Catalytic Process Breaks Down Hormones In Wastewater
Scientists from Carnegie Mellon University and the U.S. Department of Agriculture (USDA) announced on June 26 they have found that a rapid, environmentally friendly catalytic process involving Fe-TAML® activators and hydrogen peroxide breaks down two types of estrogenic compounds. These natural and synthetic estrogenic compounds can mimic or block the activities of hormones in wildlife and humans, which may disrupt the normal functions of the endocrine system and impair development. They also could contaminate drinking water.
The results were presented by Nancy Shappell, a research physiologist with the USDA's Agricultural Research Service (ARS), on June 29, at the 10th annual Green Chemistry and Engineering Conference in Washington, D.C. Shappell will present her paper, "Degradation of Estradiol and Ethinylestradiol With an Fe-TAML® Oxidant Activator and Hydrogen Peroxide," during the Frontiers in Green Chemistry and Green Engineering section of the conference. Estradiol is a natural form of the female hormone estrogen, and ethinylestradiol is a synthetic version used in contraceptives.
Fe-TAML (tetra-amido macrocyclic ligand) activators, which are synthetic catalysts made with elements found in nature, originated at Carnegie Mellon's Institute for Green Oxidation Chemistry under the leadership of Terry Collins, the Thomas Lord Professor of Chemistry in the Mellon College of Science.
"Environmental studies on various wildlife species have shown evidence that endocrine disruptors interfere with reproductive, immune and neurological capabilities and cause developmental abnormalities," Collins said. "We need to quickly develop a suite of standardized assays that test for estrogen-like activity of introduced chemicals and their byproducts so that anyone developing a new chemical technology can assess whether or not their technology is associated with endocrine disruption."
Waste from animal-rearing facilities across the United States constitutes a major concentrated source of estrogens. Millions of pigs housed in these facilities produce tons of waste products laden with estrogens that can enter the water. In addition, synthetic versions of estrogen found in birth control pills can enter surface water as a result of incomplete wastewater treatment, according to Shappell. Some scientists have suggested that these environmental estrogens could interfere with estrogen-controlled systems in wildlife and humans, disrupting innate regulatory mechanisms and leading to developmental disorders, infertility and other reproductive complications.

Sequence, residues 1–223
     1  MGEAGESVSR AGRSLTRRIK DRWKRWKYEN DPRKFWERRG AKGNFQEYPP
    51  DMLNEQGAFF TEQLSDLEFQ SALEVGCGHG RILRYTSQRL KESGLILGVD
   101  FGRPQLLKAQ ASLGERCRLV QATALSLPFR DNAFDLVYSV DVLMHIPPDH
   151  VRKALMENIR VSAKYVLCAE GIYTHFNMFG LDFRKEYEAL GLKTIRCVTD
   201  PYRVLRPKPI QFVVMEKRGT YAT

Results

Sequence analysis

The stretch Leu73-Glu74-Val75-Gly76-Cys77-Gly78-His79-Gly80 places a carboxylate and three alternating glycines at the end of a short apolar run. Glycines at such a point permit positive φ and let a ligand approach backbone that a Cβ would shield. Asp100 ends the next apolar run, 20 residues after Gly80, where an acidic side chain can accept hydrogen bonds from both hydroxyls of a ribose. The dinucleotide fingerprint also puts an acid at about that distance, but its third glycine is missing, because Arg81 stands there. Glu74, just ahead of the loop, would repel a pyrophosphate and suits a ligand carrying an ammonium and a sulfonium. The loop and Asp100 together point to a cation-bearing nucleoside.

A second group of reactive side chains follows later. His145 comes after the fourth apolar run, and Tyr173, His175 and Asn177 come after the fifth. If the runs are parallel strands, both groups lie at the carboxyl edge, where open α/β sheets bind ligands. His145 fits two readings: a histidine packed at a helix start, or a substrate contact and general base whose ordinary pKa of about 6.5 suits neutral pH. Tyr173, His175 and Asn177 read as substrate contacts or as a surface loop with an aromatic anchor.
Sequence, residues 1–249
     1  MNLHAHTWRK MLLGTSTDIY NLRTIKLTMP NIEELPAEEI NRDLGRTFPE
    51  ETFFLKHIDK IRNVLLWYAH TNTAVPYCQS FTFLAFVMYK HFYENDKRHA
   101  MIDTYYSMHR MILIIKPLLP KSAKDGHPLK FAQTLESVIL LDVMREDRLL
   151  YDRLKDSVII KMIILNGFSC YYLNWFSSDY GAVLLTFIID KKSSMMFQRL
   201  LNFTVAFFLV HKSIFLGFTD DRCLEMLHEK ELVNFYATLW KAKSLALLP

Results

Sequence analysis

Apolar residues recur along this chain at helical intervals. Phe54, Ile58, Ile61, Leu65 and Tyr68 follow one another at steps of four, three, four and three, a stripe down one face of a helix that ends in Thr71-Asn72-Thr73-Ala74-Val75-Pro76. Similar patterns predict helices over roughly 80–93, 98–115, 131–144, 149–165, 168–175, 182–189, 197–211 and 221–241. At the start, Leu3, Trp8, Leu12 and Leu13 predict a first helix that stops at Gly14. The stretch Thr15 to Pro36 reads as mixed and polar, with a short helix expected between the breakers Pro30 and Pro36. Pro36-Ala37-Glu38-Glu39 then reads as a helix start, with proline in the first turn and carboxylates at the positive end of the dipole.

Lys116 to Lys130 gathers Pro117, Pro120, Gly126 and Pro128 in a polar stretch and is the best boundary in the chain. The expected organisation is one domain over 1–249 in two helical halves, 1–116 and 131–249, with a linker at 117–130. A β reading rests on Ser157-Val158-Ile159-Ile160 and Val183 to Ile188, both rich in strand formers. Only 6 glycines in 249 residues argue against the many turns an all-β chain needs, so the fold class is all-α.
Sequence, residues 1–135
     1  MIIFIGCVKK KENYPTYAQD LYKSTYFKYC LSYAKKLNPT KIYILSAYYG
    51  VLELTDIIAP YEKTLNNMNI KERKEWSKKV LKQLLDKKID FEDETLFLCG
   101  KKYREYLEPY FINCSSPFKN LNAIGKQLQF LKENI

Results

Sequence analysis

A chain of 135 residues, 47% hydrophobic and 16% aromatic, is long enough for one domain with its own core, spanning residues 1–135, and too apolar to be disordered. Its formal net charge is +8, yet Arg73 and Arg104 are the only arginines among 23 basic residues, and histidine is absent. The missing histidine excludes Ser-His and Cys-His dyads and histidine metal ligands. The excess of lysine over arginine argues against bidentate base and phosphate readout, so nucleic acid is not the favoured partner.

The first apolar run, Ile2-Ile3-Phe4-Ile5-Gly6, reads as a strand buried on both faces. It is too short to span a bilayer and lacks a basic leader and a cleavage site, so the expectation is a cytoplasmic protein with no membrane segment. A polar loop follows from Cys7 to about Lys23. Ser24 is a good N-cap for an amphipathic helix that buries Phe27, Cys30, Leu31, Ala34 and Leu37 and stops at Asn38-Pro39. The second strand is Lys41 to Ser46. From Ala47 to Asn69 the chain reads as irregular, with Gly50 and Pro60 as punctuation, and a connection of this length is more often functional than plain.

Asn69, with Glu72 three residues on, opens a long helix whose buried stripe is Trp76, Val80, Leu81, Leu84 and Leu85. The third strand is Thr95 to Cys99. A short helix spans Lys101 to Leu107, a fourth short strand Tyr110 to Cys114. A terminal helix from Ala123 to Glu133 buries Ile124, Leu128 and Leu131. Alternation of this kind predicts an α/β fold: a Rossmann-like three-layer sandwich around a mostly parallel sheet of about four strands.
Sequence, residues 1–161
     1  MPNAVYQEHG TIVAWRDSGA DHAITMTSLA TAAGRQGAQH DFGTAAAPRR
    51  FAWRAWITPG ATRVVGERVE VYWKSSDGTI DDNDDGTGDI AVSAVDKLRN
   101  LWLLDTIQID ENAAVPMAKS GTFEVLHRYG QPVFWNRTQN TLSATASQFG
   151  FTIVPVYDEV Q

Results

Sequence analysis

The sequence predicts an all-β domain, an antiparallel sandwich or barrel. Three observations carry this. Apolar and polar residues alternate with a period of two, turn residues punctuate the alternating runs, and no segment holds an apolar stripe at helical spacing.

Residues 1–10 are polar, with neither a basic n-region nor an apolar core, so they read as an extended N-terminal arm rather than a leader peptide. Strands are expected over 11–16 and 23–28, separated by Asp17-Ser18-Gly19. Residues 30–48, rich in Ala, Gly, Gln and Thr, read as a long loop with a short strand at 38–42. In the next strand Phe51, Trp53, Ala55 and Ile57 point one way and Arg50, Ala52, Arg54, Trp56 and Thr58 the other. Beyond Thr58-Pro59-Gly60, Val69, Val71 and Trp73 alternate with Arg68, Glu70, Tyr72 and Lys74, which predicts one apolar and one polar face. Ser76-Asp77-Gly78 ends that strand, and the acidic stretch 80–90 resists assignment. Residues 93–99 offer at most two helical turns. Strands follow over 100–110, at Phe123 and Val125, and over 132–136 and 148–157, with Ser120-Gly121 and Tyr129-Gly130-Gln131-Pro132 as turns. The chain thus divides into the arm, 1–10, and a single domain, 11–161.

"Our results show that Fe-TAML activators are capable of breaking down two types of estrogenic compounds found as contaminants in surface water," Shappell said. "These promising results also indicate the potential use of Fe-TAML activators to destroy estrogenic compounds in municipal and agricultural wastewaters."
Shappell and colleagues found that the Fe-TAML activator, used with hydrogen peroxide, almost completely degraded estradiol and ethinylestradiol in the laboratory. According to the researchers, ethinylestradiol is resistant to most biological degradation processes, but Fe-TAML activators break down more than 95 percent of this chemical within five minutes.
"Our next step would be to advance testing to the field. Fe-TAML activators have been field-tested in the pulp and paper industry and textile industry with promising results," said Colin Horwitz, research professor at Carnegie Mellon. ARS scientists Pat Hunt and Kyoung Ro from the Florence, S.C., Coastal Plains Plant, Soil and Water Research Center were instrumental in making the connection between Shappell and the Institute for Green Oxidation Chemistry, and will be involved in field-testing swine wastewater.
Past studies with Fe-TAML activators have shown their enormous potential to provide clean, safe alternatives to existing industrial practices and provide ways to remediate other pressing environmental problems that currently lack solutions. Specific applications of Fe-TAML activators have included cleaning wastewater from textile manufacturing, reducing fuel pollutants, treating pulp and paper processing byproducts, and decontaminating a benign simulant of anthrax.
Nancy Shappell: http://www.ars.usda.gov/pandp/people/people.htm?personid=5084
Terry Collins: http://www.chem.cmu.edu/groups/Collins